This is the archived website of SI 335 from the Spring 2016 semester. Feel free to browse around; you may also find more recent offerings at my teaching page.

Problem Set Policy

This page describes the procedures for choosing groups for, submitting, presenting, and grading of problem sets for SI 335.

Throughout this page, N will refer to the number of problems on a given problem set. You can expect N to typically be between 3 and 5.

Groups

Any students in any section of SI 335 can be in your group. Group size must be at least 1 (i.e., working by yourself) and at most N (the number of problems).

And you can only be in one group at a time!

Skipping one problem

If the size of your group is at most N/2, then your group is only responsible for N-1 problems from the set. That is, you can choose one problem to omit.

Large groups are responsible for all N problems.

Oral presentation

Groups will present problem set solutions in person to the professor at a mutually convenient, scheduled time prior to the deadline. Ample scheduling opportunities will be available in the days prior to the deadline. The scheduled time for a group of size N should be at least 5n+10. (E.g., a 4-person group needs a 30-minute appointment.)

Think of the oral presentation as a discussion between group members and the instructor. The instructor has full discretion over which problems are discussed (except any allowed skipped problem), and may ask any group member to explain the group's solutions.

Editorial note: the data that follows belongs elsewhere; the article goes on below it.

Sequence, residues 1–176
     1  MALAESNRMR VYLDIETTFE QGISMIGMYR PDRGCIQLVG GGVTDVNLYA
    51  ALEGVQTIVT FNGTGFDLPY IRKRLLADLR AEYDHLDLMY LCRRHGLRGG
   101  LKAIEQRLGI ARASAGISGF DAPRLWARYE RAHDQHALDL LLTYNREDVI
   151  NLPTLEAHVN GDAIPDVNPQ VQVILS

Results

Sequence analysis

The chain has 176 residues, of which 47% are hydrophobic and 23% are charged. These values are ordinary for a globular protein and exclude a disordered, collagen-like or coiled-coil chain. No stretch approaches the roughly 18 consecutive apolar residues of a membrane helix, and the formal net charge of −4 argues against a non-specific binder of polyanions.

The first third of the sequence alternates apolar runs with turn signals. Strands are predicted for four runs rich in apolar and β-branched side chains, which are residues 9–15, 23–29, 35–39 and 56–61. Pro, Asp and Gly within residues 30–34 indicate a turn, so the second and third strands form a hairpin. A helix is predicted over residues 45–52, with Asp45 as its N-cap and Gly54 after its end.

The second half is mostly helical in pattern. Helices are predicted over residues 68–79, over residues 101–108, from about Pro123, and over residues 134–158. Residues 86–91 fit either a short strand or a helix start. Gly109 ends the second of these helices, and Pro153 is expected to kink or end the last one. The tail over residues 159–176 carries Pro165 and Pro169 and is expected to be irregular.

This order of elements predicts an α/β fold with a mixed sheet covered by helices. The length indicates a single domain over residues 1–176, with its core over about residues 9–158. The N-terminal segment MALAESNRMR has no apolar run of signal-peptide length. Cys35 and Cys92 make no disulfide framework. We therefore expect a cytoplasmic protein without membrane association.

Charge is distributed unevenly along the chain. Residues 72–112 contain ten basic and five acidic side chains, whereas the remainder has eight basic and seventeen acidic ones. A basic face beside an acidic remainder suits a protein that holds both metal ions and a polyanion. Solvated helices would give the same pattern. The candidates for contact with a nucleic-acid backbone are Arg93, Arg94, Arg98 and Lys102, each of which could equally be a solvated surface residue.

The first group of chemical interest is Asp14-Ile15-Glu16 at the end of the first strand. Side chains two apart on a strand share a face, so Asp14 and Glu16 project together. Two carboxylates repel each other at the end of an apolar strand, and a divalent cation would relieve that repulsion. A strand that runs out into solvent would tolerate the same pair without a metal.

These presentations are not meant to be a burden but rather an opportunity for students to more effectively communicate their solutions and receive immediate, one-on-one feedback.

Written component

At the time of oral presentation, each group must submit a single packet, using the prescribed cover page, and containing printed or very neatly written outlines of the group's solutions.

Group members are encouraged to refer to their solution outlines as necessary during the presentation. These may also be used as "visual aids" to aid the instructor in understanding the submission.

Grading

All group members will receive the same grade for their problem set.

Grading will primarily be based on the oral presentation. The earned grade is based on the quality and correctness of the solution itself, as well as the clarity of the presentation.

Letter grades will be given immediately for each problem presented, with feedback, according to the following rubric:

  • A (95%): Solution meets the stated requirements and is completely correct. Presentation is clear, confident, and concise.
  • B (85%): The main idea of the solution is correct, and the presentation was fairly clear. There may be a few small mistakes in the solution, or some faltering or missteps in the explanation.
  • C (75%): The solution is acceptable, but there are significant flaws or differences from the stated requirements. Group members have difficulty explaining or analyzing their proposed solution.
  • D (65%): Group members fail to present a solution that correctly solves the problem. However, there is clear evidence of significant work and progress towards a solution.
  • F (50% or lower): Little to no evidence of progress towards understanding the problem or producing a correct solution.

Plus/minus adjustments may be awarded as appropriate. In particular, note that a A+ (100%) is only earned by going above and beyond the stated requirements, with an especially impressive solution or presentation.

A written component that is significantly better or worse than the oral presentation may raise or lower the grade by up to 1 letter.